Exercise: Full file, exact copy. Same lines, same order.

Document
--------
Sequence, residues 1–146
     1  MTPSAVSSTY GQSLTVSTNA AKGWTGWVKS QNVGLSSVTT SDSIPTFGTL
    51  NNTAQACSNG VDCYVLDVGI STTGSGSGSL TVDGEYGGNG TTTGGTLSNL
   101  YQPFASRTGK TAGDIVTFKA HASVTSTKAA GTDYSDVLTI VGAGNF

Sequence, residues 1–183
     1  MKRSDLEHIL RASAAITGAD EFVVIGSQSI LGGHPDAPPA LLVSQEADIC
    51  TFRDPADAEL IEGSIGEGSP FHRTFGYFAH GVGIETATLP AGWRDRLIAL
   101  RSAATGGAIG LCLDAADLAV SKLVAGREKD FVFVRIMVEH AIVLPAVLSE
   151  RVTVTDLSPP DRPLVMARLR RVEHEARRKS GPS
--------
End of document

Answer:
Sequence, residues 1–146
     1  MTPSAVSSTY GQSLTVSTNA AKGWTGWVKS QNVGLSSVTT SDSIPTFGTL
    51  NNTAQACSNG VDCYVLDVGI STTGSGSGSL TVDGEYGGNG TTTGGTLSNL
   101  YQPFASRTGK TAGDIVTFKA HASVTSTKAA GTDYSDVLTI VGAGNF

Sequence, residues 1–183
     1  MKRSDLEHIL RASAAITGAD EFVVIGSQSI LGGHPDAPPA LLVSQEADIC
    51  TFRDPADAEL IEGSIGEGSP FHRTFGYFAH GVGIETATLP AGWRDRLIAL
   101  RSAATGGAIG LCLDAADLAV SKLVAGREKD FVFVRIMVEH AIVLPAVLSE
   151  RVTVTDLSPP DRPLVMARLR RVEHEARRKS GPS